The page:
THE NEW YORK SUN
PAOLO VENTURA: A LIVING FICTION, INSPIRED BY MEMORIES
By Aileen Torres
Paolo Ventura, who was born in Italy in 1968, did not witness World War II. But the photographs in his show, “War Souvenir,” at Hasted Hunt through May 20, suggests otherwise. As a boy, Mr. Ventura was fascinated by his grandmother’s memories, which she shared with him again and again. Her memories fed Mr. Ventura’s imagination. He conjured up his own stories and transposed them into set designs of imagined scenes from occupied Italy.
His series of photographs creates a living fiction that evokes the tragedy of the time through scenes of daily life; an empty home with all the furniture stacked together, two soldiers sitting down to a meal in a trattoria, and a painter sketching in his studio are among the images.
“I want to play with ambiguity,” Mr. Ventura said. “You can think that it’s real [the scenes in the photos], and then after a while you start to see they are not real. Or, there’s something that bothers you because it looks real, but it’s not.”
Figures—some made of fired clay, some from toy action figures, all about the size of Barbie dolls—populate the sets in front of the photos. The photos are of staged constructions that Mr. Ventura created with attention to minute detail. Each scene took about a week to create (a little longer for the more complicated ones), and after shooting each set, he destroyed it and created a new one. The reason for the destruction was practical: His small studio didn’t allow space for storage. The photos that he took of the sets became then a “witness,” as he puts it, to the scenes.
“I want to give names to these people, give a story,” he said.
And he did that by writing fictional captions for each scene, such as: “Modena, April 1945. GG, an alleged collaborator, humiliated by having her head shaved”; “Christmas 1944. Shortly before curfew,” and “The home of the poet GV.”
Together, the images look like stills from a film, and they have a somber, romantic ambiance in tones of black, white, blue-gray, and green. There is an elegance, too, in these images that springs from the meticulous craftsmanship behind each one; every object, from blocks of cheese and loaves of bread to Italian newspapers and German posters, was made or found by Ventura, and every placement is deliberate.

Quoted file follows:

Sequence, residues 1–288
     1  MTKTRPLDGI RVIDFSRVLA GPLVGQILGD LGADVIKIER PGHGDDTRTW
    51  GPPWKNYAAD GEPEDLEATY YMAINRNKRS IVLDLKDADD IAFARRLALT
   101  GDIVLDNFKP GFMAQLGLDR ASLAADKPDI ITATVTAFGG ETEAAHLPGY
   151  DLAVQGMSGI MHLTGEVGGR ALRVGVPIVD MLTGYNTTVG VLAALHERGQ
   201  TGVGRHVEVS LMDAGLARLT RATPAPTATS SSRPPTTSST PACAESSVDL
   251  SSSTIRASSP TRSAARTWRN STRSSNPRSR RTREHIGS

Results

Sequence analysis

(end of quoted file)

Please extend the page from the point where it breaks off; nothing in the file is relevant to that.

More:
Mr. Ventura believes that the details carry the stories. One of his inspirations is a photo by Margaret Bourke-White that depicts a German woman whose family committed suicide when the Russians arrived toward the end of World War II. “I think she took poison. [She was] asleep, mouth open. This picture is really tragic [because] she’s lying on the couch and there’s a button on the couch that’s falling off. That [the button] really struck me—more than her. It made more tragic the entire scene.”
His interest in such small, yet very significant background details probably began when he was a child growing up on his family’s farm in Anghiari, a village that saw combat during World War II. “If you shovel a bit on the ground, you find a lot of this war stuff that remains. It always fascinated me—the rust of a tragedy covered by this beautiful landscape,” he said. “With my twin brother, we used to shovel the ground and take all this stuff. We found a lot of bones, rusty things, buttons, and all kinds of ruins.”
Several of the images in “War Souvenir” are of the remains of soldiers half-buried in the dirt. The finds that Ventura and his brother would dig up reinforced the drama of the stories they heard constantly from their grandmother about the war. She died a few years ago, and Ventura’s show is an homage of sorts to her.
Ventura plans to start making his first film this summer, and he is now working on a series of photos, again, of scenes he will design and build. This time, the theme will be winter—and more specifically, memories of winter in Italy. “I love Italy, but I want to rebuild my own Italy. It’s an Italy that doesn’t exist. It will never exist.” All the more reason to bring it to life.
Until May 20 (529 W. 20th Street, between Tenth and Eleventh Avenues, 212-627-0006).